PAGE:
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The grey area of “fertility tech” being mis-sold as contraception

51app 2024; 384 doi: (Published 16 February 2024) Cite this as: 51app 2024;384:q54
  1. Mun-Keat Looi
  1. The 51app

Chelsea Polis, who won the 2023 Maddox prize early career award, explains how she was sued for identifying a mis-sold medical device—and why, in an age of disinformation, researchers and clinicians must call out wrongdoing when they see it. Mun-Keat Looi reports

When Chelsea Polis questioned the evidence behind a fertility tracking thermometer, she soon found herself a defendant in a lawsuit.

In 2020 Polis, an epidemiologist, was sued for publicly sharing her scientific and regulatory concerns about the marketing of Daysy, a fertility device marketed as a contraceptive.1 The case was eventually dismissed, a flawed paper was retracted from the scientific literature, and the US Food and Drug Administration (FDA) forced the manufacturer of Daysy, Valley Electronics, to change its marketing language.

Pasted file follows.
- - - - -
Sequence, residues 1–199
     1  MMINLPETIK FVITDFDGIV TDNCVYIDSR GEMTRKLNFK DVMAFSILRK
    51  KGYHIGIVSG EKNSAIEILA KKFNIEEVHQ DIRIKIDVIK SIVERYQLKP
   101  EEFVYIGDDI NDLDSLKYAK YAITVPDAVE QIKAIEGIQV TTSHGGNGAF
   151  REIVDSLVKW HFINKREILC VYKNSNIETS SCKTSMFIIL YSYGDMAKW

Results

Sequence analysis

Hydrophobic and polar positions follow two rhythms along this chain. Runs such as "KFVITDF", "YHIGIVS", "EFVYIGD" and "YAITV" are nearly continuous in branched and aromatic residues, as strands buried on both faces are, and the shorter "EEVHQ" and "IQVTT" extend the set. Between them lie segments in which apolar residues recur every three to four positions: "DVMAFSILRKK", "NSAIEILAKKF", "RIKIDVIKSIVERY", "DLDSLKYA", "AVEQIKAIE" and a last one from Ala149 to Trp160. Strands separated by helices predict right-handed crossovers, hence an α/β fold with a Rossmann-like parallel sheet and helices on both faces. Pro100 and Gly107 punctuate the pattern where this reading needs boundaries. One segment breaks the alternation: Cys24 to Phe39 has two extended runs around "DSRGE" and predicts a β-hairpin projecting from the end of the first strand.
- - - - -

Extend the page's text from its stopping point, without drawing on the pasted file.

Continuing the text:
Polis now advocates for laws to protect free speech for scientists and others. In November 2023 she was awarded the Maddox prize early career award for “her courage in challenging false marketing claims made by medical device manufacturers, and for her analysis of the flawed research used to market a fertility tracking thermometer as a contraceptive, which she communicated effectively in the face of lawsuits and threats.”

Who is Chelsea Polis?

Chelsea Polis studied medical anthropology at Brown University with a focus on teenage female sexuality and reproduction and conducted research in Madagascar. She has a doctorate and post-doctoral fellowship from the Johns Hopkins Bloomberg School of Public Health.

Between 2011 and 2014, she served as senior epidemiological adviser to the Office of Population and Reproductive Health at the US Agency for International Development. She was principal research scientist at the Guttmacher Institute from 2014 to 2021, leading collaborations with scientists from Ghana, Malawi, South Africa, and Zimbabwe.

Since 2022 she has been senior scientist, epidemiology, at the non-profit Center for Biomedical 51app at the Population Council, working towards improving …

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